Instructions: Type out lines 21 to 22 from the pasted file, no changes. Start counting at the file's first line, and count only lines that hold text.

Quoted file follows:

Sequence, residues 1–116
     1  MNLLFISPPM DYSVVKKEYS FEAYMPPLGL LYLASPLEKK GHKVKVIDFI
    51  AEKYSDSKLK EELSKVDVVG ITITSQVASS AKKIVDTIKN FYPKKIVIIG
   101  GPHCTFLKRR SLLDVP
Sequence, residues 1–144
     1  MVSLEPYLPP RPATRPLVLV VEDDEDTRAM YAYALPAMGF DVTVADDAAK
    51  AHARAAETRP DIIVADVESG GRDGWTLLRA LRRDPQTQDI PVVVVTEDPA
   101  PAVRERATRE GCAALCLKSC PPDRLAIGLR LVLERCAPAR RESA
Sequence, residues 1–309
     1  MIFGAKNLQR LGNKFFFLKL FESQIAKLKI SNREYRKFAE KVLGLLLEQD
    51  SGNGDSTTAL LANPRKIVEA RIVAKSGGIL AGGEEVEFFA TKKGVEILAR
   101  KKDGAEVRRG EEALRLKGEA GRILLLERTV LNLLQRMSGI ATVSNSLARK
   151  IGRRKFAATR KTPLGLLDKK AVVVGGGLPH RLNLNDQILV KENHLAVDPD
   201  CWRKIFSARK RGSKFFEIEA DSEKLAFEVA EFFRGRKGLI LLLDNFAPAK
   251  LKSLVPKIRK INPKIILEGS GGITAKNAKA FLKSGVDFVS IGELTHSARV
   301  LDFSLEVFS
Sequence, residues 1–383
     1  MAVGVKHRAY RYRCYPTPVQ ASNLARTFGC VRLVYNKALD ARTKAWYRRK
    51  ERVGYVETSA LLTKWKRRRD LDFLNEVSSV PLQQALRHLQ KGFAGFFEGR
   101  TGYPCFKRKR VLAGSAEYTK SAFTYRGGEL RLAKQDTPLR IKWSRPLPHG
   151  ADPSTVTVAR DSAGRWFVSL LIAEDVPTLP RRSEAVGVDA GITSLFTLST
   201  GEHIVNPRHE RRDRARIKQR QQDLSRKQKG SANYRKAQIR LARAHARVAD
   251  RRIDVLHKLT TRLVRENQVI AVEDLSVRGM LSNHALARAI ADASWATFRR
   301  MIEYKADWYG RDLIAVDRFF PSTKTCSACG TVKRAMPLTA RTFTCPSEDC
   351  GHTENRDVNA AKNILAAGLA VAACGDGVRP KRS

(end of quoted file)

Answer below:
   151  ADPSTVTVAR DSAGRWFVSL LIAEDVPTLP RRSEAVGVDA GITSLFTLST
   201  GEHIVNPRHE RRDRARIKQR QQDLSRKQKG SANYRKAQIR LARAHARVAD